RENTON, Wash.-Joshua Wilke had been a successful one-man tree removal service for more than a dozen years when he started working with a Washington Small Business Development Center (SBDC) business advisor at Highline College in 2016.
Transition to a business of value
Since then, he has transformed what was essentially self-employment into a business of value that supports not only his own family, but four full-time employees and one part-time employee as well.
“When I first came to the SBDC, I had a profitable business, but it was just me and I was working seven days a week to create the income I wanted,” Wilke said. “To continue to grow, I knew I needed some advice.”
Through a men’s group at his church, Wilke met a fellow business owner who recommended SBDC advising.
The Washington SBDC is a network of more than 30 business advisors working in more than two dozen communities across the state to help business owners and entrepreneurs who want to start, grow or buy/sell a business.
Wilke began meeting with Rich Shockley, director of the SBDC center at Highline College, in April 2016, to create a plan for strategic growth.
With Shockley’s assistance, Wilke built a website, started doing some digital marketing and segmented customers to better understand who he was selling to. “At that point the business started to grow,” he said. As sales increased and profit margins improved, Wilke then began working with Shockley on a plan to add equipment and people, which required capital.
“The SBDC helped me understand how to approach a bank,” Wilke said. With Shockley’s assistance, he created a financial package that was approved by Heritage Bank that enabled him to buy a Kenworth hooklift truck, a large track chipper, an additional truck and a smaller Dingo Track with attachments . Importantly, as part of the loan application, Wilke also understood exactly how much he needed to increase revenue every month to avoid cash flow problems and afford his monthly loan payments.
When Wilke first started meeting with Shockley, his annual revenue was about $350,000. “By the end of the first year, my revenues were just under $500,000,” he said. “The next year’s revenues continued to grow into the high $600,000s, then over $1 million.” This year, he said, his goal is to reach $1.6 million.
“This is what can be accomplished when owners begin working on instead of in their business, Shockley said. “Josh has actively worked on his business since we started meeting.”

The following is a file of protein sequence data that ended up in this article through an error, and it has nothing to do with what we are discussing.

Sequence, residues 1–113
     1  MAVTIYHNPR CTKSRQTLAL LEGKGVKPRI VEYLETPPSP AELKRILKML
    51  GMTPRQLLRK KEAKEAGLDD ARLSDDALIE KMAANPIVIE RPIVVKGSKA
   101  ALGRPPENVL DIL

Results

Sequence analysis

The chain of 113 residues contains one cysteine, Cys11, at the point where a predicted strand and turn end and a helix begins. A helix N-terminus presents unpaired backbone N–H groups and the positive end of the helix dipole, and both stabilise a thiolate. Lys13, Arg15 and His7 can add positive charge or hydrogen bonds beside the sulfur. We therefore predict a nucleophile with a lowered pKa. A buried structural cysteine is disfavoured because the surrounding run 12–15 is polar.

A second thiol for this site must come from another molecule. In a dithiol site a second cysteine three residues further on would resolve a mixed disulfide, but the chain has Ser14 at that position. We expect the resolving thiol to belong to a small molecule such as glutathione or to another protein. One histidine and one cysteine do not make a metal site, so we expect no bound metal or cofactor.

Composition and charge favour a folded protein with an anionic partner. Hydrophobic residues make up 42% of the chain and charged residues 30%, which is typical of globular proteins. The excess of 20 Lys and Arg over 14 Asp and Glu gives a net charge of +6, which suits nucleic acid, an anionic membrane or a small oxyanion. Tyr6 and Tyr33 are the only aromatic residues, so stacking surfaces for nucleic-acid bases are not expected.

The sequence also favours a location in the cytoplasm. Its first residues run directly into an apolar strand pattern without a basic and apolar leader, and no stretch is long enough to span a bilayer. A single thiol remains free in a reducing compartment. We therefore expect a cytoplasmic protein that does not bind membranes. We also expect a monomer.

Transitioning from being self-employed to being a business owner can be tough, especially when the business owner loves the actual work.
Wilke grew up climbing trees about as soon as he could walk. He was introduced to tree trimming by his grandfather, who lived on a wooded property near Mayfield Lake, east of Chehalis.
“We used his old chainsaw, and he taught me techniques and safety,” Wilke said. Neighbors started hiring him to trim their trees when he was still a young teen and by the time he was 15 he’d earned enough money to buy a truck. Unfortunately, he was too young to get a driver’s license, so he teamed up with a buddy who was a little older. By the time Wilke was 19, he was licensed, insured and bonded as a class C Sawyer.
For more than a dozen years he spent most days climbing trees, which is where he wanted to be. But, as long as he was doing all the work himself, he only made money when he was working. Now he has a business of value that can increase in value as the company grows.
“If I had to do it all over again, I would have started with the SBDC sooner,” he said. “I could have been building people and systems much earlier and my business would be larger and more profitable today.”
According to Wilke, one of the biggest benefits of SBDC advising was having someone to meet with on a regular basis who held him accountable for moving forward on his goals. “Discipline equals freedom,” he said. Consistent meetings with his SBDC advisor “helped me learn and grow and has created freedom in my life,” he said. “I would encourage anyone to use the no-cost resources and tools available to you through the SBDC.”
The Washington SBDC is hosted by Washington State University and is funded by the U.S. Small Business Administration and dozens of state and local funding partners, including institutions of higher education, economic development agencies, and civic and business organizations.
For more about Sky High Tree Removal, go to https://skyhightreeremoval.com.
For more about the Washington SBDC, go to https://www.wsbdc.org.